SINGAPORE (Reuters) - South Korea said on Tuesday it was drawing up a cyber security master plan after a wave of hacking attacks against global agencies and companies but some other Asian governments appeared to have no blueprint for tackling the threat.
Indonesia, a rapidly growing G20 country, warned that hackers could cause serious damage to its institutions.
Internet industry bodies and security experts in Asia said the borderless nature of the internet called for a coordinated international policy response.
Recent cyber attacks on multinational firms and institutions, from Google and Citigroup to the International Monetary Fund, have raised fears that governments and the private sector are ill-prepared to beat off hackers.
The latest high-profile target was the U.S. Senate’s website, which was hacked over the weekend.
“Every day, not every month, but every day, we get 1.2 million hacker attacks in Indonesia, both from within the country and outside,” said Gatot Dewa Broto, Indonesia’s communication and information ministry spokesman.
“If we don’t improve (our capabilities) we could face a possible public and commercial institutional collapse.”
In Seoul, capital of the world’s most wired country, a large government task force is working on tactics to address threats, and officials said on Tuesday they would allocate extra cash and manpower to toughen protection of national economic and industrial installations.
South Korea, still technically at war with North Korea, is vulnerable due to its high Internet penetration and as the likely target of its reclusive rival, officials said.
“Ensuring cyber security is no longer a matter of choice but is an issue of top priority that impacts national security,” an official at the nation’s communications watchdog said. The official asked for anonymity because he was not authorized to speak to the media.
Earlier this month, Internet giant Google pointed the finger at Chinese hackers for an attempt to access the Gmail accounts of assorted rights activists, officials and others.
China’s government has denied involvement, and said it too is a victim of international hacking.
“China has also many times reiterated that we are willing to open up exchanges and cooperation with the international community about Internet security,” Foreign Ministry spokesman Hong Lei said on Tuesday.
Entertainment giant Sony suffered serious damage to its reputation after hackers accessed the details of millions of PlayStation users, while Lockheed Martin and Citi also reported attempts to steal data.
A national government was the most likely culprit in the attack on the IMF, experts say, given the complexity of the assault and its targeting of the organization’s secrets.
In the Philippines, efforts to legislate against cyber threats have foundered because of a lack of urgency, said Trish Abejo, chief of staff of the head of the government’s Commission on Information and Communications Technology.
“We have very limited laws so we’re pushing for an anti-cyber crime bill in Congress (parliament), but it has been sleeping there and not given priority because it sounds very technical,” Abejo said.
The perception that security of information is a technical problem, rather than an operational or strategic one, has until recently meant the issue has not been a government or corporate priority.
“What that means is the chief executive level is not getting visibility of the real problem and they are the people who own the risk,” said Tim Scully, head of cyber security for BAE Systems Australia.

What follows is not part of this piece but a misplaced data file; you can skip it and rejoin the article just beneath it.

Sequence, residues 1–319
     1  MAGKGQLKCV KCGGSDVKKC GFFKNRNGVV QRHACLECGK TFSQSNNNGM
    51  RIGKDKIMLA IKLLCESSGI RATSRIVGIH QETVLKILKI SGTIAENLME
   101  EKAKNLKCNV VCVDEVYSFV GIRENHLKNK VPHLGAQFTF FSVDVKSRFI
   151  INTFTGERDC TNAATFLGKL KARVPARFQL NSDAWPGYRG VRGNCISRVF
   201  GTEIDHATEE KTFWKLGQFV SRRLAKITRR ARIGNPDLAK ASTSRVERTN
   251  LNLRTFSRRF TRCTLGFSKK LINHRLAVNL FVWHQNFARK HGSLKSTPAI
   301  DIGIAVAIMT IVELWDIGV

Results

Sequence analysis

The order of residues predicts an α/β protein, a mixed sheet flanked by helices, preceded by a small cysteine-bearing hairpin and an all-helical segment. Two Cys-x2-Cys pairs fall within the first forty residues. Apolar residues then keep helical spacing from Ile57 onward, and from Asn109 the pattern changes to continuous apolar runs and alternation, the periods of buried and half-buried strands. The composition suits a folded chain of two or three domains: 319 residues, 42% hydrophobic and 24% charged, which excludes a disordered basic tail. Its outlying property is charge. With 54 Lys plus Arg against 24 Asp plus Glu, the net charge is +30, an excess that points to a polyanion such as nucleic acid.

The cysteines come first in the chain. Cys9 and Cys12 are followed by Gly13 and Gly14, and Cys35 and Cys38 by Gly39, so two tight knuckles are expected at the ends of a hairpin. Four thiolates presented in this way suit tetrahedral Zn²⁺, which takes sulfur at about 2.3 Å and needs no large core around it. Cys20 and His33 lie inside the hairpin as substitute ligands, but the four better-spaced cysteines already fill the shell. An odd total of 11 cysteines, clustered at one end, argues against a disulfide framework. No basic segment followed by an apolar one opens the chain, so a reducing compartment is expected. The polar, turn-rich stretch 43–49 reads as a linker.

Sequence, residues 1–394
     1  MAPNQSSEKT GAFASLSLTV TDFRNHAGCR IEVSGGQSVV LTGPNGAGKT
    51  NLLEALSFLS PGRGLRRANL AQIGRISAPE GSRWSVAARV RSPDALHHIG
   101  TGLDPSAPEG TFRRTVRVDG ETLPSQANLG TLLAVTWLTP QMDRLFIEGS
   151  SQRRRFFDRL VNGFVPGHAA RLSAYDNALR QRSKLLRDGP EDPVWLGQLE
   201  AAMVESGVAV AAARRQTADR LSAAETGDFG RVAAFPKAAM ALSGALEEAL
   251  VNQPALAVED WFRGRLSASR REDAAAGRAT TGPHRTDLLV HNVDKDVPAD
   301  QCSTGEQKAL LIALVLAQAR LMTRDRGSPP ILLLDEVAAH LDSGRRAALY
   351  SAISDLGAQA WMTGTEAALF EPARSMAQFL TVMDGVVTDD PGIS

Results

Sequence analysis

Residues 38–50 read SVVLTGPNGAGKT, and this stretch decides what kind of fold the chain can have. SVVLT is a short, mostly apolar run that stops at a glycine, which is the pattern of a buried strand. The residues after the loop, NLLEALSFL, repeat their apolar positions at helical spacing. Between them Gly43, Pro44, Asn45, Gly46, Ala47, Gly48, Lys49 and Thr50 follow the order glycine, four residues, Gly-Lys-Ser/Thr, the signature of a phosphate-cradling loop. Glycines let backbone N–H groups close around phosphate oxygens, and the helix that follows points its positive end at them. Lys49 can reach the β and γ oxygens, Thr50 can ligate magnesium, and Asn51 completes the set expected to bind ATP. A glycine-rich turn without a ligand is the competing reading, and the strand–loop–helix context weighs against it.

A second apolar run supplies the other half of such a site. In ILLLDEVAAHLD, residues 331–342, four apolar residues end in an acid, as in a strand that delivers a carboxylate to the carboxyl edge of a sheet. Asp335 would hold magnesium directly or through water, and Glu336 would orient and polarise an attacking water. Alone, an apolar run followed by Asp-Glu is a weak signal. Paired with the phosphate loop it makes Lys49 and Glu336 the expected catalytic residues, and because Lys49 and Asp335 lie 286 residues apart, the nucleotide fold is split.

“There definitely needs to be a global, if not a regional, approach to cyber security.”
India’s top information technology bureaucrat, R. Chandrasekhar, said high-level cooperation between states was needed.
“Government to government contacts are there...(but) at the middle level,” he said. “Concerted efforts are needed. We are yet to see the emergence of a clear organizational mechanism.”
India’s computer networks have frequently been attacked, with the hackers suspected to be from China and Pakistan.
A spokesman for Australia’s Attorney-General Robert McClelland said cyber security would be a key issue at a meeting of attorneys-general from Australia, the United States, Canada, Britain and New Zealand in Sydney next month.
“Cyber security is an international issue that requires a coordinated response by all nations,” the spokesman said.
World leaders should put cyber security on the agenda at forums such as the G20 and urge “slower-moving” nations to take a stand against hacking, the co-founder of a global industry body said.
Peter Coroneos, co-founder of the International Internet Industry Association and head of Australia’s industry body, said such leadership by major powers could support and hasten early industry efforts to adopt global anti-hacking safeguards.
“Getting the issue elevated to a level like the G20 would be a good way to promote engagement with economies that might otherwise move a little slower,” Coroneos said.
A Japanese official said government-affiliated organisations in Japan had managed to repel major cyber attacks, but added this was no reason for complacency.
“Rather than governments, private companies and research institutes seem to be taking the initiative,” added Masashi Eto, senior researcher at Japan’s National Institute of Information and Communication Technology.
Andrew Forrest, chief executive of Australia’s third-largest iron ore miner, Fortescue Metals Group Ltd, said cyber hacking by states was a major concern for resource companies.
“Government to business espionage I think is below the belt, and I think all governments should stop it,” Forrest told reporters at Australia’s parliament on Tuesday.
Reporting by Reuters bureaux; Editing by Dean Yates